Around 200 mosques across Punjab have been repaired, rebuilt or built from scratch with the help of Sikhs and Hindus in the last 10 years. Many destroyed during Partition riots are now being restored by village communities. It’s a reassertion, after decades, of Punjab’s unique religious and cultural synthesis
Burma: State of emergency imposed in Meiktila
A state of emergency has been imposed in the Burmese town of Meiktila following three days of communal violence between Buddhists and Muslims.
A statement announcing the decision on behalf of President Thein Sein was broadcast on state television.
He said that the move would enable the military to help restore order in the riot-hit town, south of Mandalay.
At least 20 people are reported to have been killed since the violence began, but exact figures are unclear.
A BBC reporter who has just returned from the town said he saw about 20 Muslim bodies, which local men were trying to destroy by burning.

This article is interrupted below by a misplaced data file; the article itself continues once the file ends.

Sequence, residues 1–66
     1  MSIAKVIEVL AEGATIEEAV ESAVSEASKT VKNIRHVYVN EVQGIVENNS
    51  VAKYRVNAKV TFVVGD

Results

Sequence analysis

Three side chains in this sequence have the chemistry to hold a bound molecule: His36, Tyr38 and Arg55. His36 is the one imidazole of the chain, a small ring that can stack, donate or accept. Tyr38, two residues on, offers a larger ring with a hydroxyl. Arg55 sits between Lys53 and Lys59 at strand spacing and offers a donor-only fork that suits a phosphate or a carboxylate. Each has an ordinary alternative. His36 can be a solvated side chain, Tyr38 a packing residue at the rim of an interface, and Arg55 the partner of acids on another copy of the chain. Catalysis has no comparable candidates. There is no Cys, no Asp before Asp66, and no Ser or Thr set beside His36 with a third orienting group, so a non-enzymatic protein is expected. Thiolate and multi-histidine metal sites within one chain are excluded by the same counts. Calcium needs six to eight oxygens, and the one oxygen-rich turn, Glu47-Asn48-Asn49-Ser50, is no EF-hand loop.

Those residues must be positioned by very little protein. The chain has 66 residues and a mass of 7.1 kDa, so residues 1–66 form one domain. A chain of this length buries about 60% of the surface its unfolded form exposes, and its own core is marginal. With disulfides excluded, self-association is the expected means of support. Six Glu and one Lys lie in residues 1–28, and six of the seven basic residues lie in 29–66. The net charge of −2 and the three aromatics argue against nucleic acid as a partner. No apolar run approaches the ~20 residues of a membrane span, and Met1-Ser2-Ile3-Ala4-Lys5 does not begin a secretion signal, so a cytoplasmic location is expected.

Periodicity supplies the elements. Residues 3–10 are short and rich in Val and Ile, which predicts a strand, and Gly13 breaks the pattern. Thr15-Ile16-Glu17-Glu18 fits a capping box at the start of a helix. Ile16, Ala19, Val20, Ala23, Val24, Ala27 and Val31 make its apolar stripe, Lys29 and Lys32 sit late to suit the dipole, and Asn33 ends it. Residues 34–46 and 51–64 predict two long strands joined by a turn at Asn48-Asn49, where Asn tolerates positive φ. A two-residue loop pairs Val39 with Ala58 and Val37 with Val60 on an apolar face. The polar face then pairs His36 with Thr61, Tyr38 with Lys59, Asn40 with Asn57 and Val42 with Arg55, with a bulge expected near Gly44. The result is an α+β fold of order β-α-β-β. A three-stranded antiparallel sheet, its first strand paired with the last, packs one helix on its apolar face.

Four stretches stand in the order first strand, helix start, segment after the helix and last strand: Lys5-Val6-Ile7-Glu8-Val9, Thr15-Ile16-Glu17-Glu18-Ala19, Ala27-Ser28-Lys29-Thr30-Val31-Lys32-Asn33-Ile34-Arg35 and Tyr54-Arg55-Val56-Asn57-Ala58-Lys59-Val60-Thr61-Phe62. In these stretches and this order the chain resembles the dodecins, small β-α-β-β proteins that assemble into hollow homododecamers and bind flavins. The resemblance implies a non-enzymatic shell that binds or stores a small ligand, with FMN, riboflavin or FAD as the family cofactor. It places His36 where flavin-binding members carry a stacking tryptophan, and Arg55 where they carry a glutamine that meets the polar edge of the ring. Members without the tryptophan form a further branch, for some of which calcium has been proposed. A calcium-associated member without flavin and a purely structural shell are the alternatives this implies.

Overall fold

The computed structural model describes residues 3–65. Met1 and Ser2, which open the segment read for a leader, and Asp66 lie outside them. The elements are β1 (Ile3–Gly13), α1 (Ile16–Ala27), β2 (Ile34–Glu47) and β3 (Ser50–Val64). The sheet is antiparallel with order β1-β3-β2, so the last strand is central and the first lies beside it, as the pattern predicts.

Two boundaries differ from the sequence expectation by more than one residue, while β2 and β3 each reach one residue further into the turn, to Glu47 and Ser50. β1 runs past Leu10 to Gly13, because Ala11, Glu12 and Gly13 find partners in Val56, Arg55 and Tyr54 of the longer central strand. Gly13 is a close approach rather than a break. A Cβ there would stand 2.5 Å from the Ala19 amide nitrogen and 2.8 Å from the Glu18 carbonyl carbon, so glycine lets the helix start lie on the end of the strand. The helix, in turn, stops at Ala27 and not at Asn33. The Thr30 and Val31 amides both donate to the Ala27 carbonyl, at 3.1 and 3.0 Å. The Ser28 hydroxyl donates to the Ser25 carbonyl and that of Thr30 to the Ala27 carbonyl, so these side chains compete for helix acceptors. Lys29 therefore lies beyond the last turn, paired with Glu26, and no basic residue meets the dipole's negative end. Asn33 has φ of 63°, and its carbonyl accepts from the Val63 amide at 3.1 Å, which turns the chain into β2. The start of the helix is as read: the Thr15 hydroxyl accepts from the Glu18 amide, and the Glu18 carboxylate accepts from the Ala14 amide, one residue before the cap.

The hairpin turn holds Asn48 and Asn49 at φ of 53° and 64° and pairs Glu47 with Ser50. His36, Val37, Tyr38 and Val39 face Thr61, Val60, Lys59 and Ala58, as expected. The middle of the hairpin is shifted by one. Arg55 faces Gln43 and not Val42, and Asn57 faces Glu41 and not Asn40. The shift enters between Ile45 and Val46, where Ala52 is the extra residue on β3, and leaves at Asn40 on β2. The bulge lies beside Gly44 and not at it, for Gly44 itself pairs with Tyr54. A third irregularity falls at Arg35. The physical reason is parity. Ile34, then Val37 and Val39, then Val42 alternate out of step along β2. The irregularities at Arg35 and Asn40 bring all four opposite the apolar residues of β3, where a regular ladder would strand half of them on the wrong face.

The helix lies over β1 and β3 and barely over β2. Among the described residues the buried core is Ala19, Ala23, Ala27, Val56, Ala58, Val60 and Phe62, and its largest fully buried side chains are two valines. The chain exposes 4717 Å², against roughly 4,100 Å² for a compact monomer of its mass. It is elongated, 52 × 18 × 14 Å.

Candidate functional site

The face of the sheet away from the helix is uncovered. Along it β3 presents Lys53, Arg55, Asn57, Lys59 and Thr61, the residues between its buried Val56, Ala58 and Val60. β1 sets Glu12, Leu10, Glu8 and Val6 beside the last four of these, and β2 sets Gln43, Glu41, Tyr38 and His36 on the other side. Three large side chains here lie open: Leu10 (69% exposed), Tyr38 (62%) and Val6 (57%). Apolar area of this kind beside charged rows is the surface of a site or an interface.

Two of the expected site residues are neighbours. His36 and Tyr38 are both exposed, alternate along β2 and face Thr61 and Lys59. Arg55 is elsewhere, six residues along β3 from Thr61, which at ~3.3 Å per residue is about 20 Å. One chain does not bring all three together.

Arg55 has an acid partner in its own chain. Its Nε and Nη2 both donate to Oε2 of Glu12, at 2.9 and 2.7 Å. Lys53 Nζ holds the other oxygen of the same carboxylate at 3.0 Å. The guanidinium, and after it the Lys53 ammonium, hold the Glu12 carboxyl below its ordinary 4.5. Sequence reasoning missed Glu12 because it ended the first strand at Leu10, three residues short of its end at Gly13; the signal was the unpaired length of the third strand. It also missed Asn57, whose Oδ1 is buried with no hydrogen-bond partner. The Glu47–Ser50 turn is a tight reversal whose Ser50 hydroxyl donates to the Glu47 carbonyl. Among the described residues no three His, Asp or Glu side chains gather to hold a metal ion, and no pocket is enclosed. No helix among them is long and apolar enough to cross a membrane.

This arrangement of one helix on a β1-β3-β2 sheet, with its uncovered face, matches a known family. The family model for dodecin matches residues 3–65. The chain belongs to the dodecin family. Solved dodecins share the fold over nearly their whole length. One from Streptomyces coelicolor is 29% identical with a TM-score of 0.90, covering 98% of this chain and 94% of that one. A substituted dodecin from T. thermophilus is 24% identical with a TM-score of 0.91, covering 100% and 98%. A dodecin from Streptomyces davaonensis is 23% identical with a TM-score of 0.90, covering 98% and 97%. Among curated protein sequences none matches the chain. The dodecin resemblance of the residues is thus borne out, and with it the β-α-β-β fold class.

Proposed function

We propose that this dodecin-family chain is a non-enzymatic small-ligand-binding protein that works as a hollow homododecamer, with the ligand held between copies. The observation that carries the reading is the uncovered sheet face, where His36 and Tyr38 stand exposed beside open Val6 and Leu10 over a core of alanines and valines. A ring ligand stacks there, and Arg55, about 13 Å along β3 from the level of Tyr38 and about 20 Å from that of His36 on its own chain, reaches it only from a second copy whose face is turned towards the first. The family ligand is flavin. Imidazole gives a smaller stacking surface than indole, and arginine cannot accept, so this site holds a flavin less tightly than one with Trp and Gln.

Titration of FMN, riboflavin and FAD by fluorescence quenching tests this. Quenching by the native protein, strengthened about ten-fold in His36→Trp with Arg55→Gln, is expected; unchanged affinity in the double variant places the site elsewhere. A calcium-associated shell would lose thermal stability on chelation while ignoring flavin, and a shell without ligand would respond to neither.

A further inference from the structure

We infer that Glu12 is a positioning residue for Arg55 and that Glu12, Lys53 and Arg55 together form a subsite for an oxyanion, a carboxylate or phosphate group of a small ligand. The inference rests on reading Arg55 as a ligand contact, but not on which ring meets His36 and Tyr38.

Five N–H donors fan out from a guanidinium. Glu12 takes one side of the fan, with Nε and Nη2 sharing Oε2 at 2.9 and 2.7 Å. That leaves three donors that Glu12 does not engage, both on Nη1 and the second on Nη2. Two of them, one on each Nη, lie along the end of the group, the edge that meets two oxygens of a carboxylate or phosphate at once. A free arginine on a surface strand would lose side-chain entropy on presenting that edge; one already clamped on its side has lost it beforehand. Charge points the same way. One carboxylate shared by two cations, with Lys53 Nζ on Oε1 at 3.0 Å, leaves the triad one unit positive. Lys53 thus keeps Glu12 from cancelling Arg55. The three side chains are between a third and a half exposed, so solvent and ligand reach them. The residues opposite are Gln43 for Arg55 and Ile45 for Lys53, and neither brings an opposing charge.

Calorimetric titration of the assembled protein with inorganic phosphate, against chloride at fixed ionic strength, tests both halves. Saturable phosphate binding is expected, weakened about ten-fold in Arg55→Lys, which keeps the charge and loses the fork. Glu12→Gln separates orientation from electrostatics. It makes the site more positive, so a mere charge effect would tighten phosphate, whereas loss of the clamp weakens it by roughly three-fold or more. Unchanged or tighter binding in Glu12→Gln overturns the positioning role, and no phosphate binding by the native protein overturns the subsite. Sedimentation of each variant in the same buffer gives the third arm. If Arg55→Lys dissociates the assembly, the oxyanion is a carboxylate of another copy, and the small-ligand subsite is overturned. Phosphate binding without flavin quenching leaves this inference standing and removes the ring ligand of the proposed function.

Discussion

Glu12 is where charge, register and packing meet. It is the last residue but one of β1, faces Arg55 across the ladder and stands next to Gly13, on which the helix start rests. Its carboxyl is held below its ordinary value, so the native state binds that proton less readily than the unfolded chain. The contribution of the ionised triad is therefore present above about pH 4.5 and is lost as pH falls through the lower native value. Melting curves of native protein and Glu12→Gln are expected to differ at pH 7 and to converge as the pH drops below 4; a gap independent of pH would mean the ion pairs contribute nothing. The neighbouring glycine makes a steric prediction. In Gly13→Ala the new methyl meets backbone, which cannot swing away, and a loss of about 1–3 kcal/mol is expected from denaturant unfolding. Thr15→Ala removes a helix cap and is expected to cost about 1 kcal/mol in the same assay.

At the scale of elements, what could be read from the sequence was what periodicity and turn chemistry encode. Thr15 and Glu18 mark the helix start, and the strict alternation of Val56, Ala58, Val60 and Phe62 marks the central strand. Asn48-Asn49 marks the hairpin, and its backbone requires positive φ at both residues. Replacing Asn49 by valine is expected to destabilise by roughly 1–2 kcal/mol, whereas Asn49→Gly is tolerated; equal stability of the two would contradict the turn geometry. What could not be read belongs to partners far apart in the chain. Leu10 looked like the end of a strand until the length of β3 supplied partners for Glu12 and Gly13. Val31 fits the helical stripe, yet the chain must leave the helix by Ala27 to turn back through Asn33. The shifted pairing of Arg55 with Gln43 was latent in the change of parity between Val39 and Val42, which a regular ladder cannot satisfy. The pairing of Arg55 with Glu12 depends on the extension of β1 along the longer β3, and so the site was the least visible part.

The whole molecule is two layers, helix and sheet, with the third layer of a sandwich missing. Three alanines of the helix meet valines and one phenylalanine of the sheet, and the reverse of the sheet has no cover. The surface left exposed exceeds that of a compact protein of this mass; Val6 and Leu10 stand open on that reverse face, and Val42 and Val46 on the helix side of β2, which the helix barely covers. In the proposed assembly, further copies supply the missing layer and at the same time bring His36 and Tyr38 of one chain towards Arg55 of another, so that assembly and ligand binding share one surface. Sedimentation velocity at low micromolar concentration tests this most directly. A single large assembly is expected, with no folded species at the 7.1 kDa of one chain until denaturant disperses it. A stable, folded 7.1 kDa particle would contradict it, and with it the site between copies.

Meiktila MP Win Thein told the BBC Burmese service that scores of mostly Buddhist people accused of being involved in the violence had been arrested by police.
He said that he saw the bodies of eight people who had been killed in violence in the town on Friday morning. Many Muslims had fled gangs of Buddhist youths, he said, while other Muslims were in hiding.
Mr Win said that that violence that recurred on Friday morning has now receded, although the atmosphere in Meiktila remains tense.
Police say that at least 15 Buddhist monks on Friday burnt down a house belonging to a Muslim family on the outskirts of the town. There are no reports of any injuries.
The disturbances began on Wednesday when an argument in a gold shop escalated quickly, with mobs setting mainly Muslim buildings alight, including some mosques.
Authorities in China’s restive northwestern region of Xinjiang have banned Muslim officials and students from fasting during Ramadan, prompting an exiled rights group to warn of new violence.
Guidance posted on numerous government websites called on Communist Party leaders to restrict Muslim religious activities during the holy month, including fasting and visiting mosques.
Xinjiang is home to around nine million Uighurs, a Turkic speaking, largely Muslim ethnic minority, many of whom accuse China’s leaders of religious and political persecution.